Non Hodgkin Lymphoma Clinical Trial
Genetically Engineered Lymphocyte Therapy After Peripheral Blood Stem Cell Transplant in Treating Patients With High-Risk, Intermediate-Grade, B-cell Non-Hodgkin Lymphoma
This phase I/II trial studies the side effects and best dose of genetically engineered lymphocyte therapy and to see how well it works after peripheral blood stem cell transplant (PBSCT) in treating patients with high-risk, intermediate-grade, B-cell non-Hodgkin lymphoma (NHL). Genetically engineered lymphocyte therapy may stimulate the immune system in different ways and stop cancer cells from growing. Giving rituximab together with chemotherapy before a PBSCT stops the growth of cancer cells by stopping them from dividing or killing them. Giving colony-stimulating factors, such as filgrastim (G-CSF), or plerixafor helps stem cells move from the bone marrow to the blood so they can be collected and stored. More chemotherapy or radiation therapy is given to prepare the bone marrow for the stem cell transplant. The stem cells are then returned to the patient to replace the blood-forming cells that were destroyed by the chemotherapy. Giving genetically engineered lymphocyte therapy after PBSCT may be an effective treatment for NHL.
I. To assess the safety of cellular immunotherapy utilizing ex vivo expanded autologous central memory T cell (TCM)-enriched cluster of differentiation (CD)8+ T cells genetically-modified to express a CD19-specific chimeric antigen receptor (CAR) in conjunction with a standard myeloablative autologous hematopoietic stem cell transplantation (aHSCT) for research participants with high-risk intermediate grade B-lineage non-Hodgkin lymphomas who have relapsed after primary therapy, or who did not achieve complete remission with primary therapy. (Phase I) II. To determine the maximum tolerated dose (MTD) on dose limiting toxicities (DLTs) and to describe the full toxicity profile. (Phase I) III. To determine the rate of research participants receiving TCM-enriched CD8+ T cells genetically-modified to express a CD19-specific CAR for which the transferred cells are detected in the circulation 28 days (+/- 3 days) by woodchuck hepatitis virus post-transcriptional regulatory element (WPRE) quantitative (Q)-polymerase chain reaction (PCR). (Phase II)
I. To determine the tempo, magnitude, and duration of engraftment of the transferred T cell product as it relates to the number of cells infused. (Phase II) II. To study the impact of this therapeutic intervention on the development of CD19+ B-cell precursors in the bone marrow as a surrogate for the in vivo effector function of transferred CD19-specific T cells. (Phase II) III. To describe the progression-free and overall survival of treated research participants on this protocol. (Phase II)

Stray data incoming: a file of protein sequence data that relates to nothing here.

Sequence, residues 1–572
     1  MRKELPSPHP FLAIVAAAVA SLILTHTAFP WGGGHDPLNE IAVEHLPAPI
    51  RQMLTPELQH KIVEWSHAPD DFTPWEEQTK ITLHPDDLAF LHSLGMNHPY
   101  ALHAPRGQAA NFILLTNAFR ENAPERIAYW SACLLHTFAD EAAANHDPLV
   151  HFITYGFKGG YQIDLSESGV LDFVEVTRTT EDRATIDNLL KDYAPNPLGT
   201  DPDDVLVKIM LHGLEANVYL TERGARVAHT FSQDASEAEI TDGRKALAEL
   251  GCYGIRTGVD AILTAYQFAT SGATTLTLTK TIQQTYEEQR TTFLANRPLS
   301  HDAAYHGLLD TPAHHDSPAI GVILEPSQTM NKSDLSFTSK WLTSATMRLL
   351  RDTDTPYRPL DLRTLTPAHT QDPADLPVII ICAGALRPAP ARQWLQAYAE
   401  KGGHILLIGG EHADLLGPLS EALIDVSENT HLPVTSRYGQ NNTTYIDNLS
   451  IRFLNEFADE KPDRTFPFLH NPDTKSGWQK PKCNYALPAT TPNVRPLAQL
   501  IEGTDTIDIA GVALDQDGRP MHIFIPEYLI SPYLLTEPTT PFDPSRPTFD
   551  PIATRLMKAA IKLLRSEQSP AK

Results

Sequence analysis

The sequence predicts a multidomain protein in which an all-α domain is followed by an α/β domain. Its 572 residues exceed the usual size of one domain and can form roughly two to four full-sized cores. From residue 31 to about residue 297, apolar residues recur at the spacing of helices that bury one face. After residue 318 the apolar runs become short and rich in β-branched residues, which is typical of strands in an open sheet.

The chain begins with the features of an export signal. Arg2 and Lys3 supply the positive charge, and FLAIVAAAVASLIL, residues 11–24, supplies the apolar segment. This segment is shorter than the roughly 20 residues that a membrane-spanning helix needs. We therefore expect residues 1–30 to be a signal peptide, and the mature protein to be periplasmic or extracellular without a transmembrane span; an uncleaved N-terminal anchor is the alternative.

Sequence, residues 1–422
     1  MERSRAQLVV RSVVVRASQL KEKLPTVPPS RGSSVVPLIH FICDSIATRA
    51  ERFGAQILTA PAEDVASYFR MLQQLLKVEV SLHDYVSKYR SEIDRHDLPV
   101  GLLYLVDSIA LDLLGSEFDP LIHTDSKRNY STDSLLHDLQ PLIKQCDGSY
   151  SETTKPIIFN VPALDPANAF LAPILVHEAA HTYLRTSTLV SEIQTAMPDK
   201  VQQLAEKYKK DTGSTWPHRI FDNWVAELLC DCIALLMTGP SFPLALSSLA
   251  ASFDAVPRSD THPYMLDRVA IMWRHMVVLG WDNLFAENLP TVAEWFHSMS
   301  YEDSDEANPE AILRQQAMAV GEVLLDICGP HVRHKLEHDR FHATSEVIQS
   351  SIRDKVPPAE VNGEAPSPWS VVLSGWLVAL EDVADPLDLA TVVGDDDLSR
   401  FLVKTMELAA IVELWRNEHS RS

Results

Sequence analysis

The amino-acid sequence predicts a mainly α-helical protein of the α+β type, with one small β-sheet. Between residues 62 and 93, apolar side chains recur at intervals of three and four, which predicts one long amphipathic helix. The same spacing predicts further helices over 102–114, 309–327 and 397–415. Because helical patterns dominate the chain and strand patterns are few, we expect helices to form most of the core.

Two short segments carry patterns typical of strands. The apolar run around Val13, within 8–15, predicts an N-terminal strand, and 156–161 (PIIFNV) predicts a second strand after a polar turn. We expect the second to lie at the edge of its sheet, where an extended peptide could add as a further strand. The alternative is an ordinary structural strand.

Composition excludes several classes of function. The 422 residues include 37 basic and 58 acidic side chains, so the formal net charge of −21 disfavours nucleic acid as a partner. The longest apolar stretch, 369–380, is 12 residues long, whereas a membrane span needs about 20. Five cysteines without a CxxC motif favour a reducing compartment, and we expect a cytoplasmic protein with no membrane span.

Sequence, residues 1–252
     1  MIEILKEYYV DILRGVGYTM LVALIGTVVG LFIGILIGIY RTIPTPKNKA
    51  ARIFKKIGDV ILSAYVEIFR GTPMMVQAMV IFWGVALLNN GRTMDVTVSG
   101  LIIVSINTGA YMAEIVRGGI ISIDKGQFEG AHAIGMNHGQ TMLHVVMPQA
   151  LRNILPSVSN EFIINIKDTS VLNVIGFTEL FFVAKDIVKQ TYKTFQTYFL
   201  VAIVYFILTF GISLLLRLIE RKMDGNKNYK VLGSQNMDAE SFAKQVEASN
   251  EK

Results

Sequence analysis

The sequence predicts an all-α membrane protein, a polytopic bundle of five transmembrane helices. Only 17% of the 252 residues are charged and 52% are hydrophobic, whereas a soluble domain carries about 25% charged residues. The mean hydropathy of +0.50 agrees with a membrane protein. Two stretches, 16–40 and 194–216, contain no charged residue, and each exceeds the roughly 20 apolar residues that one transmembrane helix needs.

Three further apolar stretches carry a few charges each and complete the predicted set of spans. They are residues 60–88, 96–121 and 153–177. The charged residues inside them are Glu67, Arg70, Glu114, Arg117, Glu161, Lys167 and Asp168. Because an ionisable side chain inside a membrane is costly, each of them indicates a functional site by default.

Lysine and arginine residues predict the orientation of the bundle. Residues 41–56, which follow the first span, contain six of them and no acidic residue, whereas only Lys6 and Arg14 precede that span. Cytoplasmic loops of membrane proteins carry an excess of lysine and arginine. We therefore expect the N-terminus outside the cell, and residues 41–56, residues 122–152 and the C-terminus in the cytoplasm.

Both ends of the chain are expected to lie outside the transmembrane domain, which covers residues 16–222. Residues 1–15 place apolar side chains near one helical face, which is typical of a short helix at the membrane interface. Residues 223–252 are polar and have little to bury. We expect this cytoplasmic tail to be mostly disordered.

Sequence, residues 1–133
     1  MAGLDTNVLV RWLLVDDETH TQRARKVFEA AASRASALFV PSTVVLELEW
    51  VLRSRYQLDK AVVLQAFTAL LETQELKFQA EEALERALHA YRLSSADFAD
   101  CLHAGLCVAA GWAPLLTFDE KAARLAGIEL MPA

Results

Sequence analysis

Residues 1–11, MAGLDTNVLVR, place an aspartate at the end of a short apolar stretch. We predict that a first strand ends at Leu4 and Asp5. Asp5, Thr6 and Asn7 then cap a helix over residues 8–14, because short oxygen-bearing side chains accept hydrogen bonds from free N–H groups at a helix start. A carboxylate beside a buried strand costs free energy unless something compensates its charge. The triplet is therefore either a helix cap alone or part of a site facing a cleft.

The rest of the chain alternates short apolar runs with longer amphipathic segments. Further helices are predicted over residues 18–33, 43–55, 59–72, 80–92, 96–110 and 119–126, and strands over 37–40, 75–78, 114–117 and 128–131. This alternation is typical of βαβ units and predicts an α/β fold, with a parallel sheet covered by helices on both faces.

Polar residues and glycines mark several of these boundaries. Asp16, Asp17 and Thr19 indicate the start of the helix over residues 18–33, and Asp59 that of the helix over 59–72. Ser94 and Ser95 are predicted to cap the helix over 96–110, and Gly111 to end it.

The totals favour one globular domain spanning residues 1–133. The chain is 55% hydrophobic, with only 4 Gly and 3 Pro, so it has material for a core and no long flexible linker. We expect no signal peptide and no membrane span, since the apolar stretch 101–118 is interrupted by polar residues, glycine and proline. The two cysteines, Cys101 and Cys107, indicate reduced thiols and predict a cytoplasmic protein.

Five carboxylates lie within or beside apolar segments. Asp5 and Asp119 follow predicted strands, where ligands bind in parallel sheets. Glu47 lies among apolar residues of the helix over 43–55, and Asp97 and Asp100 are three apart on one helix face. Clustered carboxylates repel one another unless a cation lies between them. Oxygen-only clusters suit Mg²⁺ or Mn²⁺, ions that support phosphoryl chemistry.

OUTLINE: This is a phase I, dose-escalation study of genetically engineered lymphocyte therapy followed by a phase II study.
Patients receive standard salvage chemotherapy per standard practice and undergo standard mobilization for stem cell collection with filgrastim and/or plerixafor. Some patients may also receive rituximab intravenously (IV) within 4 weeks of transplant. Patients receive standard myeloablative conditioning followed by autologous PBSCT. Patients then undergo infusion of ex vivo expanded autologous TCM-enriched CD8+ T cells expressing CD19-specific CAR on day 2 or 3 after transplant.
After completion of study treatment, patients are followed up periodically for at least 15 years.
City of Hope (COH) pathology review confirms that research participant's diagnostic material is consistent with history of intermediate grade B-cell NHL (e.g., diffuse B-cell lymphoma, mantle cell lymphoma, transformed follicular lymphoma)
History of relapse after achieving first remission with primary therapy, or failure to achieve remission with primary therapy
Life expectancy > 16 weeks
Karnofsky performance scale (KPS) >= 70%
Negative serum pregnancy test for women of childbearing potential
Research participant has an indication to be considered for autologous stem cell transplantation
Fails to understand the basic elements of the protocol and/or the risks/benefits of participating in this phase I/II study; evidence of understanding includes passing the Protocol Comprehensive Screening given by the Research Subject Advocate (RSA); a legal guardian may substitute for the research participant
Any standard contraindications to myeloablative HSCT per standard of care practices at COH
Dependence on corticosteroids
Currently enrolled in another investigational therapy protocol
Human immunodeficiency virus (HIV) seropositive based on testing performed within 4 weeks of enrollment
History of allogeneic HSCT or prior autologous HSCT
Active autoimmune disease requiring systemic immunosuppressive therapy
Research participant(s) who are to receive radioimmunotherapy (Zevalin-based)-based conditioning regimens
Research participant(s) with known active hepatitis B or C infection
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There is 1 Location for this study
Duarte California, 91010, United States
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